Tuesday, April 26, 2011

On Writing When I'd Rather Not

I'm in the midst of a dilemma.  I want to write, but I don't want to write.  I think perhaps it's because I don't know what to write.  So, I'm just going to blather along for awhile until something profound (or not) strikes me . . . or I get a grip on myself.

I had a frustrating day, and a brain numbing evening.  In between, I had a good session with Terry, who made me look at the bazillion changes that are going on in my life, most of which are out of my control.  Yet, nothing frustrates me more than that feeling of impotence, and being out of control.  Dang it!  I want to be in total control, of my life, and anyone else's life who I think I should be controlling.  Unfortunately, there are very few (that would be none) who appreciate my control fixation.

So, I clamored on tonight about being frustrated today, and was brought back to whether I was going to do something for myself to help me gain a bit of control.  I didn't want to do anything, Mostly, I just wanted to whine, and moan, and be irritated.  Which I'm pretty good at.  Finally, just before I was leaving, I said that maybe I should do some writing, but I threw it out there begrudgingly, hoping Terry would let me slide.  Humph.  Not likely. Though I gave it a good try.  I played solitaire until I was fairly sick of it, in fact, I was unhappy that I kept winning, no matter which game I tried.  Finally, after over an hour, I lost and could put off this task no longer.

Thinking about the list of stuff that's bugging me lately, they all bring me back to the inescapable (for me, apparently) trappings of aging.  In the last couple of months I've been diagnosed as having a hearing loss (so I'm trying out hearing aids, which basically just makes me ticked).  Even if they did help me hear, (which they do) they are bugging me, mostly just because they're there, not that they're uncomfortable (they're not), but just the idea of wearing them.  I'm the first person in my family that's ever had hearing aids.  I just can't believe it's happening to me.  My 83 year old dad couldn't either!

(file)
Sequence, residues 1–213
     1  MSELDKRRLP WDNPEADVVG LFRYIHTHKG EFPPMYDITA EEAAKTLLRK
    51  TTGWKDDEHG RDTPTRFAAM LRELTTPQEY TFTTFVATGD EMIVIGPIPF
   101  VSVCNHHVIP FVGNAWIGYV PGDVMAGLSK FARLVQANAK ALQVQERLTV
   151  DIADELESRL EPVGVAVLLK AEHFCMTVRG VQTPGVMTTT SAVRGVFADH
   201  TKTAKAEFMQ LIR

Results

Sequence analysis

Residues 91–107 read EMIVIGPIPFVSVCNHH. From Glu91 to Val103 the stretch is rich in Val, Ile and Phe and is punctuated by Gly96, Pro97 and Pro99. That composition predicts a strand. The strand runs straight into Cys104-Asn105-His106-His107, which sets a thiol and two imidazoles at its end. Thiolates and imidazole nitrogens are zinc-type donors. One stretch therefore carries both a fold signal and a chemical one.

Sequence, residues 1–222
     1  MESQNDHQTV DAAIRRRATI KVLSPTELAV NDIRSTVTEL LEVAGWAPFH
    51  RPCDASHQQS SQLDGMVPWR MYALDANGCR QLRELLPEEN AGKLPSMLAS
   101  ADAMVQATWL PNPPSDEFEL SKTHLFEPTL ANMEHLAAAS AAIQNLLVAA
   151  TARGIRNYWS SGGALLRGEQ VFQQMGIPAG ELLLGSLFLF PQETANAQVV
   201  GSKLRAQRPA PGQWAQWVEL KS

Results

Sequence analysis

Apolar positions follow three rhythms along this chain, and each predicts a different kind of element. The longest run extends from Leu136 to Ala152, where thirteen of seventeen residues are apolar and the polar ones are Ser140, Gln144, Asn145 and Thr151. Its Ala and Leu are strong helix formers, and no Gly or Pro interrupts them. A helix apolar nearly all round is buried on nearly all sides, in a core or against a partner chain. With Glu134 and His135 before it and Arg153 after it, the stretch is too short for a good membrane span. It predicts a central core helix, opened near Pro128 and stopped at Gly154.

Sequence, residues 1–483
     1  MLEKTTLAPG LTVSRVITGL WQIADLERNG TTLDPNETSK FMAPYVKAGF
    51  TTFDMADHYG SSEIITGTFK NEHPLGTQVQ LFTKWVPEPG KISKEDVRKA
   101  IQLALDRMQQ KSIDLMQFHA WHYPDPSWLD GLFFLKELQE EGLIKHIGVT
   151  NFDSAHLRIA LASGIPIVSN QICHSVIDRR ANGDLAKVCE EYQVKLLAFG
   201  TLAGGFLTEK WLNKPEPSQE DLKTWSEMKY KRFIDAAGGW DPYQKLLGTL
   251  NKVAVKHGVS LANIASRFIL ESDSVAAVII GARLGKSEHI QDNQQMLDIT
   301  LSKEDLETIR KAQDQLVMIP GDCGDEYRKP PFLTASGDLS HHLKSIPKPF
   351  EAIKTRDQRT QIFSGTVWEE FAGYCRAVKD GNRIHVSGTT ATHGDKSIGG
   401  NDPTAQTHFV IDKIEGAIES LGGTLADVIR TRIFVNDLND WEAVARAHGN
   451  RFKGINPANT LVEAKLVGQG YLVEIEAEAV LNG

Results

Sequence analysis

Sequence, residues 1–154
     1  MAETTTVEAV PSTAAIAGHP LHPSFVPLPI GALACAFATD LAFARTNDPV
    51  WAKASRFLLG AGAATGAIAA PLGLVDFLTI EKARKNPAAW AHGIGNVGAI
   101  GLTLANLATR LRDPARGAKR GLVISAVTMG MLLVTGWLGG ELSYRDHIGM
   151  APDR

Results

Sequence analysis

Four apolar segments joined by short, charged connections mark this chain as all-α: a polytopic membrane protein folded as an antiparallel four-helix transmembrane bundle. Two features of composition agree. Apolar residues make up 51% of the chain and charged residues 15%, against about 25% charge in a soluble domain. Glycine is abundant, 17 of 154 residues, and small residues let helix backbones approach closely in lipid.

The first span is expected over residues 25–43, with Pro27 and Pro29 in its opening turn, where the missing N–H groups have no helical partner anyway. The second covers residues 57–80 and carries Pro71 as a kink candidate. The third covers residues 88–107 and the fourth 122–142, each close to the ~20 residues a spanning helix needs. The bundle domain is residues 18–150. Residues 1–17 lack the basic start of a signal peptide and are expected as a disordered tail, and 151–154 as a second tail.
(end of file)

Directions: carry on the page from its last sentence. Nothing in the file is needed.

Then, I've decided to go for a partial knee replacement this summer, and my CT appointment is tomorrow, and it feels like the point of no return.  Like it's really going to happen.  I'm going to go under the knife, and have my knee bones torqued around, reshaped and put back together and supposedly I'll still be able to walk . . . and hike . . . and whatever.  The thought of the surgery simply scares the you know what out of me. I'm just sure I'll be the one in a million that never wakes up from the surgery, or walks around with my knee pointing backwards, or some other awful consequence.

It doesn't matter how unlikely it is that anything disastrous will happen, I'm a fatalist by nature.  I worry about the most ridiculous things, and my imagination is way too vivid for my own good. My poor daughter can attest to that.  A few months ago, after getting a phone call from her one morning, all I could hear was running footsteps and what seemed to be heavy breathing.  I screamed her name into the phone.  Not only did she not answer, but every time I hung up, she'd call back.  I panicked, called 911, and had the police in Bellingham go check it out.  I was certain she was being chased and would be raped and murdered on her way to class.  Turns out it was a series of accidental calls, and she was running, to the bus.

Fortunately for me, she was willing to forgive me the embarassment (she's 22, not 12!) and probably makes sure her phone is locked these days!

I don't know whether writing changes my perspective on growing old, but I do feel a little better.  Maybe that's just because I'm tired enough to go to bed and read awhile.  Maybe it's because writing about my hearing and knees (and re-reading it) makes it all seem pretty silly.  Or, maybe it's because hearing aids and old knees are really pretty minor . . .  things could be so much worse.

And, maybe, writing really did change my perspective, as I look back at the last sentence I wrote.  Things can always be worse. So, perhaps I should quit whining and be grateful.  Now, there's an idea.

Time to put my hearing aids, my computer, and myself,  to bed.

1 comment:

  1. So is it wrong that this made me laugh out loud? :-)

    You write, my dear friend, to get all that crap out of you and into the open where it has less power to hurt you.

    You also write because you're a writer, and once you let that part of yourself out into the light of day, it hardly ever goes back into the darkness quietly or willingly.

    And you write because your words have the power (as close to control as we're ever going to get) to help other people feel not so alone.

    I'm so glad you finally gave up the solitaire to make this connection.

    Love you.


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